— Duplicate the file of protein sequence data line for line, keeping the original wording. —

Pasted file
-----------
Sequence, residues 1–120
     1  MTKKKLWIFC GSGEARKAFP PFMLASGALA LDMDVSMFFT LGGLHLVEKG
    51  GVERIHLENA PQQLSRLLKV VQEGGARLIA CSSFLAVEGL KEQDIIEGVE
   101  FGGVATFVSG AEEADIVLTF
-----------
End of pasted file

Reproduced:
Sequence, residues 1–120
     1  MTKKKLWIFC GSGEARKAFP PFMLASGALA LDMDVSMFFT LGGLHLVEKG
    51  GVERIHLENA PQQLSRLLKV VQEGGARLIA CSSFLAVEGL KEQDIIEGVE
   101  FGGVATFVSG AEEADIVLTF